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Studies on Some Chemical Aspects of Kusum Oil

M. K. KUNDU and C. BANDYOPADHYAY,

Department of Applied

Chemistry,

Calcutta University, Calcutta, India

Abstract

Chemical methods, chromatography and infra- red spectroscopy have been applied to ascertain the location and nature of the cyanogenic com- pounds in kusum oil. Observations indicate tile cyanogenic compounds to be a part of glyceride molecules in which one of the hydroxyl groups of the latter is bonded to the cyanogenic com- pound through an ether linkage. Chromatogra- phic behavior of the isolated cyanogenic com- pounds further indicates that at least two glyeeride molecules are involved. These glye- erides are predominantly esterified with saturated fatty acids.

Introduction

Kusum oil is obtained from the kernel of the species Schleichera trijuga belonging to the family Sapindaceae. The species is a large tree growing widely in the sub-Himalayan region, throughout cen- tral and southern India, Burma, Ceylon, Java and Timer. Prior to the development of new synthetic products the tree was noted as the host tree of the best grade of lac. Preliminary studies have been made on the oils and oilseeds of S. trijuga in our laboratory

(1).

The

oil

is

essentially an

oleic-rieh oil containing

about 56-62% oleic acid (2,3,7). The component fatty acids of the oil differ widely, ranging from acetic (2,5,6) to araehidie. Notable features of the oil are relatively high content of arachidic acid (ca. 25%) (2-4,7), remarkably low content of linoleie acid (within 5%) and the characteristic presence of a eyanogenic compound in a concentration of 0.03- 0.05% as HeN (6,8). The exact location of the cyanogenie compound in the oil or its exact nature has not been reported in the literature. The com- pound has been suspected to be in the form of a cyanogenic glueoside (7) or an acid amide (9). The present investigation has been undertaken to study on the location and nature of the cyanogenic com-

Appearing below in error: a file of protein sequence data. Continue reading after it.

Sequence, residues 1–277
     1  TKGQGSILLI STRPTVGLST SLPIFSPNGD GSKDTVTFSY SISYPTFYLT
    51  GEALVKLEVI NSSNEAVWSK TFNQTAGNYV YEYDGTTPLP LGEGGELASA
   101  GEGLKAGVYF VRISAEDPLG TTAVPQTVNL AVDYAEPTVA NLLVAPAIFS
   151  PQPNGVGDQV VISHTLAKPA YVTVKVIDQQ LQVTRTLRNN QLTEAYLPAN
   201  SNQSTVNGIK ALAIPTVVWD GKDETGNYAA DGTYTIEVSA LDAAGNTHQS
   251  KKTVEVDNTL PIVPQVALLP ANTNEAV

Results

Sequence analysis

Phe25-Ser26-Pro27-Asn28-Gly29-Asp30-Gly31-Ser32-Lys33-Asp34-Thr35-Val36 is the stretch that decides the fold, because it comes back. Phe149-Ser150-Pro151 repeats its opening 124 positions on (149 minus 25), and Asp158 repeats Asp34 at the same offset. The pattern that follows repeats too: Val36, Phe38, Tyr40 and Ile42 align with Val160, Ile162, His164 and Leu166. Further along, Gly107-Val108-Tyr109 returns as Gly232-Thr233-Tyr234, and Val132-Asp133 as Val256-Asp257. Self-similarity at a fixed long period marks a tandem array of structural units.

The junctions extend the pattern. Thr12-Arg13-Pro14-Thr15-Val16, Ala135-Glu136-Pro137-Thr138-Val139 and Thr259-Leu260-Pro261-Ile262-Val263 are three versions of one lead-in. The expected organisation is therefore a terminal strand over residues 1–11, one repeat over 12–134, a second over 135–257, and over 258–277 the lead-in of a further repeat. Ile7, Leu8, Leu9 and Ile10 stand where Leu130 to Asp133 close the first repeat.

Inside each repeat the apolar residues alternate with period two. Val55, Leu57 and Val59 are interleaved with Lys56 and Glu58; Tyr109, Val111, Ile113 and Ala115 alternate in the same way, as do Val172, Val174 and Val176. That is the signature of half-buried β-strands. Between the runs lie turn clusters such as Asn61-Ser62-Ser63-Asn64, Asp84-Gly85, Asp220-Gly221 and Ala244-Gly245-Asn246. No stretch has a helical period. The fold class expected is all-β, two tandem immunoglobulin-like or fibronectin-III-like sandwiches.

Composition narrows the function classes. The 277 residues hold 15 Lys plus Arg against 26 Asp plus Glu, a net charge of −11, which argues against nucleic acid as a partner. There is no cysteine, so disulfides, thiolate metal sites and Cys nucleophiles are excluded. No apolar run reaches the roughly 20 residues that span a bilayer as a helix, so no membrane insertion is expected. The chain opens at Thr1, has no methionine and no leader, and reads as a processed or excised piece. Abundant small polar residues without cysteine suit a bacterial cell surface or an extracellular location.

pound in kusum oil.

Chemical

Investigations

Studies on the V,ocation and l~ature of the Cyanogenic Compound

Steam Dist.{llation. It was carried out with oil- water (1:30-40 w/v) with and without hydrochloric

acid and mercuric chloride

(10,11,13).

Refining. (a) The oil was refined with ca. 20 B6 sodium hydroxide in n-hexane as solvent; (b) treated with adsorbents known to have affinity for cyanogenic compounds such as freshly prepared ferrous and ferric hydroxide and filtered; (c) also treated with acetic anhydride (14) and with HAP04 + NaOH (12) and filtered in each case; and (d) the crushed kusum seeds were first extracted with methanol and then with petroleum ether (40-60 C). The solvents were removed from both extracts.

The oil was treated with hydriodic

Acid Digestion.

acid of sp gr 1.7 (oil-HI, 1:19 w/v) in the presence

of nitrogen at

The oil was also digested with hydrochloric acid at temperature ranging from 80 to 190 C using oil- He1 ratios varying frmn 2:1 to 3:10 (w/v). The reaction was carried out in a round bottom flask fitted with an air condenser and oil bath. The residual oil after treatment by steam distilla- tion and refining responded to Prussian blue test for cyanide ion. The residue on filtration of the treated oil in methods a, b and c of refining did not give positive test for cyanide ion. Also it was petroleum ether extract and not methanol extract (as obtained in d) that responded to test for cyanide ion. The digestion with hydriodic acid and with hydrochloric acid up to certain concentrations completely destroyed the cyanogenic linkage. The results of hydrochloric acid digestion at varying concentration, time and temperature are recorded in Table I. Several interesting observations were made from the hydrochloric acid digestion procedure. The hy- drochloric acid treated oil was extracted with petro- leum ether, the ether extract washed with water and the clear wash water thus obtained was nearly neu- tralized with sodium carbonate. The aqueous por- tion, (a) with iodine and caustic soda produced a fine yellow precipitate with characteristic odor of iodoform, melting at 119 C (with decomposition); this indicates the presence of CHACO- or a group such as CHaCH(OIt)- convertible to CHACO- group- ing (15), (b) developed a reddish-violet coloration with freshly prepared ferric chloride solution; this might be due to the presence of the grouping -- C = C < (15), (c) formed a brown precipitate